Get out! Drivers flee flooded Zhengzhou tunnel

Three cars near the exit refused to move, trapping hundreds inside the tunnel for two hours. When the flood eventually poured in, for some, it was too late to flee.

After flood retreats, wrecked cars pile up outside the Jingguang Tunnel in Zhengzhou. Photo from CFP

After flood retreats, wrecked cars pile up outside the Jingguang Tunnel in Zhengzhou. Photo from CFP



When torrential rain halted traffic in a Zhengzhou highway tunnel last week, hundreds of drivers, at first merely frustrated, quickly abandoned their vehicles and fled. Six died in the tunnel.

Witnesses told Jiemian News that the standstill was caused by drivers at the front who refused to go through the flood, despite pleas from pedestrians and other drivers. Others tried to turn back, obviously a problematic feat in a road tunnel. As the petty squabble continued, water poured into the tunnel, all but filling it up in a few minutes.

On July 20, floodwater inundates cars outside Jingguang Tunnel in Zhengzhou. Photo provided to Jiemian News

Unmovable objects

When SONG Haichao drove into Jingguang Tunnel at around 3:30pm, traffic was moving smoothly, but three cars in front of him were stopped at the southern exit, blocking all three lanes. “There was no traffic in front of them,” he said. Nor was there any flooding.”

There was, however, some water about 100 meters ahead, but cars could still pass. Song yelled at the three drivers, but they refused to move.

LI Xiaowei was right behind Song. She had been on her phone, and the call log showed it was 3:42pm when she came to a stop. She thought it was just normal traffic, but nothing moved for a while. “I was wondering why. There was no water on the road in front of us,” she said.

Cars were still entering the other end of the tunnel. A 100-meter stretch leading to the southern exit was packed in 20 minutes, and the tunnel was closed at 4pm. At that time, there was still no flooding in the tunnel.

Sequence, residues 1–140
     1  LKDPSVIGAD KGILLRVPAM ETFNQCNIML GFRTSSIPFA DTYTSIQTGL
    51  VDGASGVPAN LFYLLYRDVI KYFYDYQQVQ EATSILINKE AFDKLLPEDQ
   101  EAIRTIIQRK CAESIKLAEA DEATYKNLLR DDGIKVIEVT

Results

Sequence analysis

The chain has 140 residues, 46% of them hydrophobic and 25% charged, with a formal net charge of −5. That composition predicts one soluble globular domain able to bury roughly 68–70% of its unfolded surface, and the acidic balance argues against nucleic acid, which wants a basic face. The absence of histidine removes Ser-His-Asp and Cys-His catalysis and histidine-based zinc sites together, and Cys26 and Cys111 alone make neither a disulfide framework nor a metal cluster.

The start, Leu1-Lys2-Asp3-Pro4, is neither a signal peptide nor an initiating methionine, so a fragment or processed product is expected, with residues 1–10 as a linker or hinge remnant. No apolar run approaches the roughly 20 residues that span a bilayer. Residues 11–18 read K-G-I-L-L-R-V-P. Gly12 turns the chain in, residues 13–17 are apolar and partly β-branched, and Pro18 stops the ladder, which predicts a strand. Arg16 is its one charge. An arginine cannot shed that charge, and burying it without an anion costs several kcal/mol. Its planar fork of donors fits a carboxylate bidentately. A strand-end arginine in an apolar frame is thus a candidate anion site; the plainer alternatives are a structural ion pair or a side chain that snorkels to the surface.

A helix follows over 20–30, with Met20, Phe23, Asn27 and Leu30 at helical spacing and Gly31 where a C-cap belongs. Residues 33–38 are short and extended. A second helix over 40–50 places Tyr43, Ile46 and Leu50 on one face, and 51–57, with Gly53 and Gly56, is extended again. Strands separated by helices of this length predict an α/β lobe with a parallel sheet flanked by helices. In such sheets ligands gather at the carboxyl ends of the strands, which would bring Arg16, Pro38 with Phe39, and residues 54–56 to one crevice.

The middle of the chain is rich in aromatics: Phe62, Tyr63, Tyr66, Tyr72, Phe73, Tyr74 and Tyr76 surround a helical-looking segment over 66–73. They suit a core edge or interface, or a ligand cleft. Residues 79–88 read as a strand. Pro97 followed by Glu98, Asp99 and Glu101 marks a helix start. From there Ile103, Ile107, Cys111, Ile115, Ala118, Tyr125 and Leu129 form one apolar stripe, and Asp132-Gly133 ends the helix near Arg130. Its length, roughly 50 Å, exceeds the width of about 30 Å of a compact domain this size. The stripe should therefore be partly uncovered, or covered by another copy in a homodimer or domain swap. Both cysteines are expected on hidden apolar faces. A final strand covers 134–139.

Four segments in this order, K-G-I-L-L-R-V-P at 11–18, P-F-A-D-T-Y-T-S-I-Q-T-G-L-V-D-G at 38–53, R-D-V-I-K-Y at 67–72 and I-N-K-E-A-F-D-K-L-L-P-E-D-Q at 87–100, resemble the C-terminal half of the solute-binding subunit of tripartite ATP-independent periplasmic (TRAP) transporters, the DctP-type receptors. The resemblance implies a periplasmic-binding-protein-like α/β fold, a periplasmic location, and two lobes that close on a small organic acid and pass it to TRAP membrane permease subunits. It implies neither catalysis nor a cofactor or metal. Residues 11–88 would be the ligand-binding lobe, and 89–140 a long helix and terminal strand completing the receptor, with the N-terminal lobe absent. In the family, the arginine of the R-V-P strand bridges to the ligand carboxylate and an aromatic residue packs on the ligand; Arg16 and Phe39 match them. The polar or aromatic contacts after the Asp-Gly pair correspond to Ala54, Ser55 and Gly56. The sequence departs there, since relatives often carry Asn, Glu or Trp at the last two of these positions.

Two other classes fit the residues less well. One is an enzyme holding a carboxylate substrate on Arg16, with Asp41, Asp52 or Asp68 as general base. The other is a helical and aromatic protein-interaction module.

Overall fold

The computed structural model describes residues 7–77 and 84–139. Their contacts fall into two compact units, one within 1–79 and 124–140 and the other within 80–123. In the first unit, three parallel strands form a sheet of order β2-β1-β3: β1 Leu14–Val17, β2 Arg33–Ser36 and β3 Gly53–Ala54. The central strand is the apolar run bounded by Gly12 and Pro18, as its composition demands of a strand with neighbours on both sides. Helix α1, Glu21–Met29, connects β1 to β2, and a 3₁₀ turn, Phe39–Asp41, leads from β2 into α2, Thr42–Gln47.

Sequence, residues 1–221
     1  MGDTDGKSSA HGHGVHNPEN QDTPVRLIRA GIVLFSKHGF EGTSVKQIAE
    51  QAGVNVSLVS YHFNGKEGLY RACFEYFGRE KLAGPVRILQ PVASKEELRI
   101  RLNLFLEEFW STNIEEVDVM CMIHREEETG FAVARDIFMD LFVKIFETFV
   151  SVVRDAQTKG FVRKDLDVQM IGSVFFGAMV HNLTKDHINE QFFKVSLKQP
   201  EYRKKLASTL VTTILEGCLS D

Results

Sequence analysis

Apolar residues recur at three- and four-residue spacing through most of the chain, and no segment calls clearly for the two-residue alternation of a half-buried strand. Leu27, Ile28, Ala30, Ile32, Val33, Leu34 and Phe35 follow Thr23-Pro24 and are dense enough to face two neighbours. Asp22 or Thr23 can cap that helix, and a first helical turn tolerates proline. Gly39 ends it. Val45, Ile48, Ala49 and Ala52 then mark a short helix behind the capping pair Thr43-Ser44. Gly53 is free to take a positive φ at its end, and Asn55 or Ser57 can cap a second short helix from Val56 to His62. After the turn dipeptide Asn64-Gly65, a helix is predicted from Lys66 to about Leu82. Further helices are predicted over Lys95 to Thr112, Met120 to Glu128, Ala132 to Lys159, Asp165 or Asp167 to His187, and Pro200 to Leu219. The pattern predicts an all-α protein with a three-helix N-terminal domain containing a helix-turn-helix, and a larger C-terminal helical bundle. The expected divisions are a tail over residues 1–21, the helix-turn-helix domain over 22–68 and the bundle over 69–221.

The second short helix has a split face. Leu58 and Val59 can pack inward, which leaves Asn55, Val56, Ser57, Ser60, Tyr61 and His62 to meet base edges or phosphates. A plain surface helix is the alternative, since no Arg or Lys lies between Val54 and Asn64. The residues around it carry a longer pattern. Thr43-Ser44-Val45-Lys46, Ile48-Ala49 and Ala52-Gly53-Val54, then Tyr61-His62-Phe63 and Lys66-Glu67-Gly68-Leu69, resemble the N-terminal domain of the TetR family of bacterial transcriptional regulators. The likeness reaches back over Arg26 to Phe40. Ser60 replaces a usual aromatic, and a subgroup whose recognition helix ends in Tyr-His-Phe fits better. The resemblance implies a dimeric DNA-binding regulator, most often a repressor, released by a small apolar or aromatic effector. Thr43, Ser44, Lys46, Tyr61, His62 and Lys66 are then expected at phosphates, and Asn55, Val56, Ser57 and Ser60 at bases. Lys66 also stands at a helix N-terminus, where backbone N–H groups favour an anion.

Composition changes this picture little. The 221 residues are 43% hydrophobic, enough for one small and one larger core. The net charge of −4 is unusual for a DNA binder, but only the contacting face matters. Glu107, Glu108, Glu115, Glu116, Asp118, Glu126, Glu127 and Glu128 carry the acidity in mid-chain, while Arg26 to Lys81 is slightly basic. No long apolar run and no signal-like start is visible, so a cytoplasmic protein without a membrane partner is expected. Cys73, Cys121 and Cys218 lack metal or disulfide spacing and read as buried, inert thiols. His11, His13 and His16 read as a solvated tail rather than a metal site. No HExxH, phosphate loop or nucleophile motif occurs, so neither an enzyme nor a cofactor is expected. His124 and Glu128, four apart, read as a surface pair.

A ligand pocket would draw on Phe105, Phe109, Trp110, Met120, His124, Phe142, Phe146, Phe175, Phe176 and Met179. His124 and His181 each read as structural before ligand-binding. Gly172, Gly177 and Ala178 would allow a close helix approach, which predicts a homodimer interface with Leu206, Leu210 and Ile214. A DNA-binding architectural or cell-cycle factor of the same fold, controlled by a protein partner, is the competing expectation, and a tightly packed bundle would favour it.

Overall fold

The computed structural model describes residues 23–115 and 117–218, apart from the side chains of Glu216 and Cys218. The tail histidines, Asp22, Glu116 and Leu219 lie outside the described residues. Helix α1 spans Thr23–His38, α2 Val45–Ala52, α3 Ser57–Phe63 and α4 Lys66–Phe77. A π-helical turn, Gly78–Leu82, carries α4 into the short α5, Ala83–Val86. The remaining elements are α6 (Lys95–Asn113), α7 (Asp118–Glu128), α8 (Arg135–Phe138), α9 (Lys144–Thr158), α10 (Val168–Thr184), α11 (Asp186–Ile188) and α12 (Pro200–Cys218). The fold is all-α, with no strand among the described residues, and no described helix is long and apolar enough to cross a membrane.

People got out of their cars and remonstrated with the three drivers who refused to move. Song called the police. The line was busy but a traffic officer eventually returned the call. He was coordinating traffic elsewhere and was, literally, swamped by floodwater. If possible, drive on the shoulder, the officer said, and leave the car if you have to. Song hung up in despair and called his insurance company.

By 5pm, wheels were almost all underwater. Angry drivers kept coming up to the front, some arguing with those who were not moving, some trying to help others turn back, which was a team effort. The front of the line had just loosened up when it became deadlocked again, this time even more hopeless than before. “No one made room for anyone. In the end, I was completely stuck,” Song said. The water was rising quickly, so he abandoned his car.

Floating and sinking

Traffic on a road parallel to the tunnel was stopped around 3pm. Water was at least half a meter deep by 4pm. Li Xiaowei, who was standing on the road, saw the flood rising. “I said to my friend that if the flood overflowed from the road, the tunnel would fill with water,” she said.

Stationary drivers in the tunnel were oblivious to the chaos at the southern exit. Waiting for the traffic to clear, a flash flood would soon leave little time to flee.

By 5:40pm, the situation had deteriorated badly. The tunnel was filled to the ceiling. Rescuers arrived but the tunnel was completely inundated by then.

The tunnel is over 1.8 kilometers long. Taxi driver WANG Wenxue was stuck near the southern exit for an hour and a half. Just before 5pm he saw many drivers abandoning their cars, but he had just spent some 100,000 yuan (US$15,360) on his car a few weeks ago and didn’t want to give up so easily. So, he stayed put and called his wife, who was terrified. Soon, he told his wife that he felt as if that car was floating. “And then my wife told me to leave the car as soon as possible,” he said.

He can’t recall how he crawled up on top of his car. “I could feel the car started to float when I tried to get out from the window,” he said. “And soon it was sinking down again.”

Not long after he got out, his car sank into the water and Wang had to jump on top of another car. “I think I was calm. I stood firmly on the car roof,” he told Jiemian News. “I didn’t call for help at first because others were in more need than I.”

A car salvaged from the flooded Jingguang Tunnel in Zhengzhou, it is covered with mud and seriously damaged. Photo by Tangjun

Dive straight in!

Wang saw people swimming into the tunnel to rescue others. A young man XU Shuai, along with security guard YANG Longwei, rescued three people that afternoon, Wang the last of them. “No one knew how to swim, and the first two were struggling so hard that they almost dragged me down,” Xu said.

Xu and Yang were outside the tunnel when they saw cars floating and heard people calling for help. “A huge crowd was watching from the road. When some people jumped into the water to help, I didn’t think about it too much,” said Yang.

After being rescued, Wang borrowed a phone and called his wife. It was 6:25pm. He was the last to get out alive from the southern exit.